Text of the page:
This Is AuburnElectronic Theses and Dissertations

Formulation Enhancement of Poorly Water-Soluble Pharmaceuticals by CO2-Based Crystallization Technologies




Ober, Courtney

Type of Degree



Chemical Engineering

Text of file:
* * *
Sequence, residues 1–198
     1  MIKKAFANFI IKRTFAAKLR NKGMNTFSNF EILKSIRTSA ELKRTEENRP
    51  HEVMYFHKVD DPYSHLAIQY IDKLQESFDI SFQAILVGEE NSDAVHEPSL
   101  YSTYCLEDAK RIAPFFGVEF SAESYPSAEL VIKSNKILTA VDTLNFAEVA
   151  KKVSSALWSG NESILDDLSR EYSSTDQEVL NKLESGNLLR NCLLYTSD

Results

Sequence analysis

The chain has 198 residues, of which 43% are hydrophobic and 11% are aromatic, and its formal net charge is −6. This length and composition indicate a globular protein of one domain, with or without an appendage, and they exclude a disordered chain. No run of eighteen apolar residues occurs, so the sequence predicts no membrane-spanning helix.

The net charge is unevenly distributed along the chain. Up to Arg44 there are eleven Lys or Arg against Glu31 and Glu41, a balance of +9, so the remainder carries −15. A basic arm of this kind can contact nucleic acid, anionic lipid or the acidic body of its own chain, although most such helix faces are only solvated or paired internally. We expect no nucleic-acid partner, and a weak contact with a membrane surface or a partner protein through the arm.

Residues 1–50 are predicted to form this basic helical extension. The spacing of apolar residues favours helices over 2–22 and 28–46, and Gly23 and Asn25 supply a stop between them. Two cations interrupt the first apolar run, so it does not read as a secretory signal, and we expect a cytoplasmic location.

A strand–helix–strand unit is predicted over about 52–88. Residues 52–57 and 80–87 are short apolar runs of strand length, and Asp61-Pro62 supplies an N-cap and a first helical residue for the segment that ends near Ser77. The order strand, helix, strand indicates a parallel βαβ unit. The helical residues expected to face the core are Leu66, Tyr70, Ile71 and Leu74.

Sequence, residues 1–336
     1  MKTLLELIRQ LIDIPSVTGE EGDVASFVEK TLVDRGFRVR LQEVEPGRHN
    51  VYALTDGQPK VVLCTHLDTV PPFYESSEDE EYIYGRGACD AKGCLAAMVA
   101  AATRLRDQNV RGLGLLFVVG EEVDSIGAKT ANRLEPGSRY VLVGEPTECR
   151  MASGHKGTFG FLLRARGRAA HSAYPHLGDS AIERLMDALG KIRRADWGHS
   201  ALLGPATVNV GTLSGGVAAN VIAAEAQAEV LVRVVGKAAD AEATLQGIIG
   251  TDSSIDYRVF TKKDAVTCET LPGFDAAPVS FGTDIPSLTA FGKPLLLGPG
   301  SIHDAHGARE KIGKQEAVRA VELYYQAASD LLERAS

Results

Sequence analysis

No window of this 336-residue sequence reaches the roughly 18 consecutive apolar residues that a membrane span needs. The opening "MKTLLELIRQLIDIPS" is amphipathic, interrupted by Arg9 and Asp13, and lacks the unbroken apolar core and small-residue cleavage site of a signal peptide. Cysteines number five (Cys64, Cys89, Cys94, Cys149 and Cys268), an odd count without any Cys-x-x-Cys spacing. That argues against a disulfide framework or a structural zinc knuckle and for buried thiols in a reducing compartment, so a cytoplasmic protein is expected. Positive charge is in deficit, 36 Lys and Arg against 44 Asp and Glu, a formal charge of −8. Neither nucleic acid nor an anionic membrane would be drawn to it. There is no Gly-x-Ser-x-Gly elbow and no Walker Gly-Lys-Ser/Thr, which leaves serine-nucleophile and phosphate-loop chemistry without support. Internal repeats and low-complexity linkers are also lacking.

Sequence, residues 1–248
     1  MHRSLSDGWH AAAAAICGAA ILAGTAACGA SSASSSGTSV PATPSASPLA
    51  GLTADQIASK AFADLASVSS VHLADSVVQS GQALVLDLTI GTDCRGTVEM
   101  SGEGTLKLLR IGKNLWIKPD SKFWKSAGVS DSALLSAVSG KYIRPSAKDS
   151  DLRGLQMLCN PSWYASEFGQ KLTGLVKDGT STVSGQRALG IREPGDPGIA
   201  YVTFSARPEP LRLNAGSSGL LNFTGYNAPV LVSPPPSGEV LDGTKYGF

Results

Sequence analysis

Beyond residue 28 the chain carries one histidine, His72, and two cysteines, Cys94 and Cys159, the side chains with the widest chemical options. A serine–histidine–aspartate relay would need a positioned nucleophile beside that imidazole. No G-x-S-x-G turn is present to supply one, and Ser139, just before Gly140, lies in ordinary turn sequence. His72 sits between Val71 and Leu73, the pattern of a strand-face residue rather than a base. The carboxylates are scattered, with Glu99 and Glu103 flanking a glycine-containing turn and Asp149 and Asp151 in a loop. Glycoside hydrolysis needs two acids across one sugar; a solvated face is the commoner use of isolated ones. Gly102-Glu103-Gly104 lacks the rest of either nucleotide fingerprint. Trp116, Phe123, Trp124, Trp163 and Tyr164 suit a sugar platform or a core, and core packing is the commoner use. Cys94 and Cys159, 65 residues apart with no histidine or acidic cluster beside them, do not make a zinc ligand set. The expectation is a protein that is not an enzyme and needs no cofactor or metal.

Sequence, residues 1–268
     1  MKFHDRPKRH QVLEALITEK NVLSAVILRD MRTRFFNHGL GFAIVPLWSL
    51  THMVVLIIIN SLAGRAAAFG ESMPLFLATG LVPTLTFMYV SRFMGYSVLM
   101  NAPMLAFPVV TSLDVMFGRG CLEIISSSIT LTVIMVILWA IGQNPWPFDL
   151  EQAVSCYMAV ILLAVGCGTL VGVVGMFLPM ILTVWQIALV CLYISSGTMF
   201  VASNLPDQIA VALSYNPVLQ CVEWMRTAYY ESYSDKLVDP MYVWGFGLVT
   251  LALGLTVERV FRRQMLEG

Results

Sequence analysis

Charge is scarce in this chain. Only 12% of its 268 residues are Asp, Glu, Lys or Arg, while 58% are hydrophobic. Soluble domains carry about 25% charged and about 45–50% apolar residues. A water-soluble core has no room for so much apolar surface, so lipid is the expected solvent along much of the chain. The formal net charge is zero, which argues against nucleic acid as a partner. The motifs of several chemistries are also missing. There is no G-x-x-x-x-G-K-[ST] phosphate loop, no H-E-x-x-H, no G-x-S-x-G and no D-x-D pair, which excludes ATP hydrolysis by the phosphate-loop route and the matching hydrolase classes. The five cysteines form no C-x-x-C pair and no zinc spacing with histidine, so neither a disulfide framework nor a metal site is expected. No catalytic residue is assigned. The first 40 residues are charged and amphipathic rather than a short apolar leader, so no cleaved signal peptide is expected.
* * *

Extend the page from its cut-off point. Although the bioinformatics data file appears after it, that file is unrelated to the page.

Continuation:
This dissertation demonstrates the applicability of tunable solvent systems to the development of novel particulate formulations which enhance the deliverability and dissolution of poorly water-soluble active pharmaceutical ingredients (APIs). With approximately 40% of APIs discovered through combinatorial chemistry and high throughput screening having an aqueous solubility of less than 10 μM, there is a significant need for formulations which enhance drug dissolution. Furthermore, the processing techniques used must be scalable and environmentally benign while producing formulations which conform to the existing standards of purity and reproducibility. To this end, particulate formulations of two poorly water-soluble APIs were developed using two novel CO2-based crystallization technologies: supercritical antisolvent-drug excipient mixing (SAS-DEM) and gas antisolvent (GAS) cocrystallization. Using a supercritical antisolvent (SAS) crystallization process, rifampicin microparticles were crystallized in the presence of inhalation size appropriate lactose monohydrate particles to create rifampicin/lactose microparticle composites intended to increase the respirable fraction of rifampicin when delivered via a dry powder inhaler. In addition to a decrease in particle size observed by scanning electron microscopy, powder X-ray diffraction (PXRD) revealed conversion of the less soluble (0.59 ± 0.05 mg/mL) crystalline form I of rifampicin to the more soluble rifampicin dihydrate (1.28 ± 0.01 mg/mL) during SAS crystallization from methanol. Through the preparation of rifampicin/lactose microparticle composites, the SAS-DEM process was found effective at preparing inhalation size appropriate rifampicin microparticles (d < 8 μm), preventing particle agglomeration, and providing excellent mixture homogeneity (RSDs < 5.7%), all in a single-step. Guided by the Noyes-Whitney equation, itraconazole microflakes with increased surface area were crystallized from dichloromethane by a SAS process and simultaneously deposited on the surface of excipient lactose particles (d ~ 100 μm) to prevent microflake agglomeration. At low drug loadings (6 wt. %) the presence of lactose prevented microflake agglomeration and facilitated rapid itraconazole dissolution (D60 = 91%), but at high drug loadings (40 wt. %) the surface of the lactose became saturated and the excess microflakes agglomerated, reducing the dissolution rate (D60 = 64%). By adding a tri-block copolymer (Pluronic F-127) in solution with itraconazole during crystallization, particle morphology was altered such that the dissolution of itraconazole was enhanced (D60 = 85%) even at high drug to lactose loadings (50 wt. %). Pluronic F-127 did not affect the crystallinity of itraconazole, as verified by PXRD, but is thought to associate on the surface, thus improving the drug’s wettability. GAS cocrystallization was investigated as a novel means of preparing itraconazole−dicarboxylic acid cocrystals with enhanced dissolution. The crystal lattice of itraconazole, as characterized by PXRD, was unaffected following dissolution in tetrahydrofuran (THF) and subsequent recrystallization by pressurization with CO2. Simultaneous dissolution and recrystallization of itraconazole and L-malic acid from THF gave a primarily amorphous product, attributed to the high solubility of L-malic acid in THF, which demonstrated only marginal improvements in dissolution. Alternatively, GAS cocrystallization of itraconazole with succinic acid from THF gave a stable, crystalline product which featured rapid dissolution (D60 = 76%). Thermal analysis, which revealed the presence of an itraconazole/succinic acid eutectic, confirmed that a greater extent of cocrystallization was achievable using CO2 as the antisolvent compared to a traditional liquid antisolvent, n-heptane. GAS cocrystallization is governed by the pressure-dependent solubilities of drug and former in the CO2-expanded liquid, solubilities which are predictable by thermodynamic modeling. This work lays the foundation for the development of a thermodynamically predictable, highly tunable, and widely applicable technique for producing pharmaceutical cocrystals.